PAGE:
Tuesday, July 10, 2007

EMERGE conference

For the last couple of days I’ve been in Manchester/Salford attending the EMERGE conference.

On Monday evening approx 100 individuals from all over the country gathered at the Golden Tulip Hotel, next to Old Trafford football ground, for initial drinks and dinner. Once I’d sorted out the problems with my accommodation booking. I met various colleagues I’d bumped into before and several new ones. Meeting new people was encouraged by an activity after dinner which required people to move tables and speak to people from projects they didn’t know anything about – this and drinks in the bar was useful to find out about the range of people and ideas represented at the conference.

Tuesday morning started with a coach from the hotel to the Lowry Centre where the conference was being held – this was only a few hundred yards by the pedestrian route but a couple of miles by road! The venue was impressive and welcoming.

Delegates were welcomed by George Roberts who is the director of the EMERGE project, who gave an overview of progress so far. He emphasised the importance of the UIDM model in forthcoming bids, and the use of appreciative enquiry in the project progress and evaluation.

He suggested that the various communities within EMERGE – adopt a team member. Josie Fraser then coordinated a community showcase when all the various projects had a couple of minutes to briefly describe their proposals, recruit collaborators and publicise their round tables and other activities for later in the day. The list of these showed the widespread range of activity ranging from improving academic writing through social scaffolding through learning design to Second Life, World of Warcraft and other MUVEs. A couple of the showcase projects which were particularly significant for the Mobile T’s I was representing included:

Bradford – use of audio in student feedback, self assessment and reflection.

Leeds – medical education + education + drama – personal & professional identity outside VLEs eg myspace & Facebook with digital storytelling into portfolios

Bloomsbury Group – Appropriate technologies for collaborative learning.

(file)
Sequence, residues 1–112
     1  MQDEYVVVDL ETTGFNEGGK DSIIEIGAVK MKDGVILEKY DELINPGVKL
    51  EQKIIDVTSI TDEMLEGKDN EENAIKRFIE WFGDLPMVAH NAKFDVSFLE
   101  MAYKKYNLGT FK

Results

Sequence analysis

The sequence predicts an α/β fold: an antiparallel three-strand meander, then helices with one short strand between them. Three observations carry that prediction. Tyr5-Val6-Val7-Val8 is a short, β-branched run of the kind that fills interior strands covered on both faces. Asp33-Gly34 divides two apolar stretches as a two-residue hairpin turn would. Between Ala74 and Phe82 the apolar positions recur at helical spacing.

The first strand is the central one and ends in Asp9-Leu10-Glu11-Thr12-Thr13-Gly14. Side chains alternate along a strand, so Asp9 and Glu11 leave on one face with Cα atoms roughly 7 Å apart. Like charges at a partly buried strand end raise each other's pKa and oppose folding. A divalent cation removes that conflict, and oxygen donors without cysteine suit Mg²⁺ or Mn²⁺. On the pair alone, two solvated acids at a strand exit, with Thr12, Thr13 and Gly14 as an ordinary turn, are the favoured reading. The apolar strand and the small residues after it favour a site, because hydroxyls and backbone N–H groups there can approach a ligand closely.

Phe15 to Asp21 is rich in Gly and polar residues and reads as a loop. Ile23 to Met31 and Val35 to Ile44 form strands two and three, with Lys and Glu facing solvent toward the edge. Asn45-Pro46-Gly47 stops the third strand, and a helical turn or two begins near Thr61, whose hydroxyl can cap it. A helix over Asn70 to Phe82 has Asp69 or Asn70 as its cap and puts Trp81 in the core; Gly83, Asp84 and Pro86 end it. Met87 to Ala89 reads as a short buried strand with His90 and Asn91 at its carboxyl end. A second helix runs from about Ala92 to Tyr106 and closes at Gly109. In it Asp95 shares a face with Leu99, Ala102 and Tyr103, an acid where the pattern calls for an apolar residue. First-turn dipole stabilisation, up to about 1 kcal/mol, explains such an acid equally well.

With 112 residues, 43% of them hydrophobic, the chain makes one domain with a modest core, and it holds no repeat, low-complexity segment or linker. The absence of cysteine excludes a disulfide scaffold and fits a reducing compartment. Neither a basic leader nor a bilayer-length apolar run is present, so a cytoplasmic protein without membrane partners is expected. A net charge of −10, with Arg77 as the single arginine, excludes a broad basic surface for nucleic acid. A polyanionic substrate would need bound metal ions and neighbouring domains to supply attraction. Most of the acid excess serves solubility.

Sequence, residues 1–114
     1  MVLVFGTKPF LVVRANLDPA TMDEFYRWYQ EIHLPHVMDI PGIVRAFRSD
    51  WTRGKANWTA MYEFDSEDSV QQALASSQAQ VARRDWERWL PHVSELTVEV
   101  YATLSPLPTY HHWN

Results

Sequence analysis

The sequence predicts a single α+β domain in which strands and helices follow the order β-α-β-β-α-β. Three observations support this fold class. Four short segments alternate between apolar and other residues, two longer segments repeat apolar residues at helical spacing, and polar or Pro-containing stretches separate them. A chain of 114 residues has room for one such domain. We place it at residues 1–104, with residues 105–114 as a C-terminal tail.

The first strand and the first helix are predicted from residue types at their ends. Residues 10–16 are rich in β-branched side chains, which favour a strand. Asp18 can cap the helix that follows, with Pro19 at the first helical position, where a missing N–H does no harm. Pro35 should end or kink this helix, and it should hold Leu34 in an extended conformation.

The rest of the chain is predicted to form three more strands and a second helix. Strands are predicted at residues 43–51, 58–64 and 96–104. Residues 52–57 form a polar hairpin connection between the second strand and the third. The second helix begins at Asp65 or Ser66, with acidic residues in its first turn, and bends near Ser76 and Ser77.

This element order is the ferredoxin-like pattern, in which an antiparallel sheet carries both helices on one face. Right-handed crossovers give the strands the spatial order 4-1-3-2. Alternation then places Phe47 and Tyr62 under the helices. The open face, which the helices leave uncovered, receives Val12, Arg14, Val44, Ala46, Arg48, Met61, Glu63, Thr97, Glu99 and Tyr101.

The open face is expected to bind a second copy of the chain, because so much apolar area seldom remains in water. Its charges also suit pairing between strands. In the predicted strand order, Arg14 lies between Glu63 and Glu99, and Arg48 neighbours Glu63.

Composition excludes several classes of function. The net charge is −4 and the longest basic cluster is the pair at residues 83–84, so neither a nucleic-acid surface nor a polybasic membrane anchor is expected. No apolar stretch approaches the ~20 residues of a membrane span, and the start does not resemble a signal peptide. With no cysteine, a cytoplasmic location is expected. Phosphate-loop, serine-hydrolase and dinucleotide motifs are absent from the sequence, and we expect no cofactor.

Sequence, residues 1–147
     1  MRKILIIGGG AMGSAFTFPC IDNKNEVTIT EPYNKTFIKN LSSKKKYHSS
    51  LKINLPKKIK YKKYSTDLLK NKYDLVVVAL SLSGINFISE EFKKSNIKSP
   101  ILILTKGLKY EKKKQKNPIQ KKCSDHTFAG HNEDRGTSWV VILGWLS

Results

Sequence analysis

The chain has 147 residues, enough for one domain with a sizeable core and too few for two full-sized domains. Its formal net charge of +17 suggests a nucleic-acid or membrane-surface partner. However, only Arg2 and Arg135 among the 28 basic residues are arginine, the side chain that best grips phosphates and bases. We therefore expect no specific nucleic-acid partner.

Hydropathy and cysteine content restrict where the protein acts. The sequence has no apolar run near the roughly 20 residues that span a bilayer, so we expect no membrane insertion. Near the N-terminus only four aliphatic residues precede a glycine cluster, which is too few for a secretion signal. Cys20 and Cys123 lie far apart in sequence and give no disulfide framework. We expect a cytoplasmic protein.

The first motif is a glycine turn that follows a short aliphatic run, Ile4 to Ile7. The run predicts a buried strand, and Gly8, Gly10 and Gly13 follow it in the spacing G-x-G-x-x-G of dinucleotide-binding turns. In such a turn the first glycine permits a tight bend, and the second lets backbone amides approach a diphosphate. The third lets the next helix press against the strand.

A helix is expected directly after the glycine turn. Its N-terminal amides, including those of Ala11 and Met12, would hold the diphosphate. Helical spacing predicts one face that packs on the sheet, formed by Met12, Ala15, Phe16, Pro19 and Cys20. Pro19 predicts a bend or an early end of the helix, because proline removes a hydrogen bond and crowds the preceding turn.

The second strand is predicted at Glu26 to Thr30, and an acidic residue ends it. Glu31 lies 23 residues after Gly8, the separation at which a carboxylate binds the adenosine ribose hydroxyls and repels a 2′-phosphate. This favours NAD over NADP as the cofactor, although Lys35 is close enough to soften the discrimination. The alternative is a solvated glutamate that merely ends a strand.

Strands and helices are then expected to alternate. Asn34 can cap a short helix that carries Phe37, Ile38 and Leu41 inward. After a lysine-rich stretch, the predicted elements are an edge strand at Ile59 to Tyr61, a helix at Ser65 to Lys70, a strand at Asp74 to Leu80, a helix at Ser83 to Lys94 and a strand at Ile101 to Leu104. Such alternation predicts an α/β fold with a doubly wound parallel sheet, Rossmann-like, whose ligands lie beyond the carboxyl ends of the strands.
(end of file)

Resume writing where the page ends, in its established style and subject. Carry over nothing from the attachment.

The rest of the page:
Salford – multi author blogging for data generation for later use in learning resources

New HEI in Suffolk (to be Uni in a few weeks) using web 2.0 & VLE to support nurses recording their learning (later conversations about podcasting skills videos)

After the initial showcase a welcome cup of coffee gave opportunities for further networking, and to follow up some of the things mentioned so far.

After coffee 7 simultaneous “round tables!” were available (along with UIDM workshops & an unconference, which I didn’t manage to get to). The first I attended was with the Bradford team discussing a range of aspects of the use of audio to support learning. A lot of this work related to the ALPS project & it was suggested the Leeds Met e admin project may also be relevant. There was lots of discussion about thow the technologies can be used to change the top down teacher led model of education to one which empowers students and recognises that they are experts & how their self assessment and reflection can be enabled. There seemed to be lots of good opportunities for collaboration between a range of different communities with this project.

After a good lunch and more networking, I attended another round table session led by the Bloomsbury consortium (SOAS, RVC, Institute of Education & others). About Appropriate and Practical Technology (APT) which aims to look at real world issues around assessing needs, and selecting appropriate technologies (including paper & pen) for particular learning needs (links to Transliteracy – a new term to me which seemed to be appropriate). This table seemed to the people who were grounded in the real world rather than those who were off playing with Second Life and similar wizzy technologies. Again their seemed to be good opportunities for collaboration & they proposed to gather examples of good (and bad) practice from different institutions and disciplines to prevent re-inventing the wheel and share practical real world solutions to learning needs.

The day closed with a short plenary about the evaluation of the project by Rhonda and some closing remarks by George who as the project director tried to give a helicopter view of the disparate work going on & suggesting the deadline for bid submissions would be extended to October which would affect the timing of the (possibly virtual) town meeting and a project development (not bid writing) day and a platform user group day.


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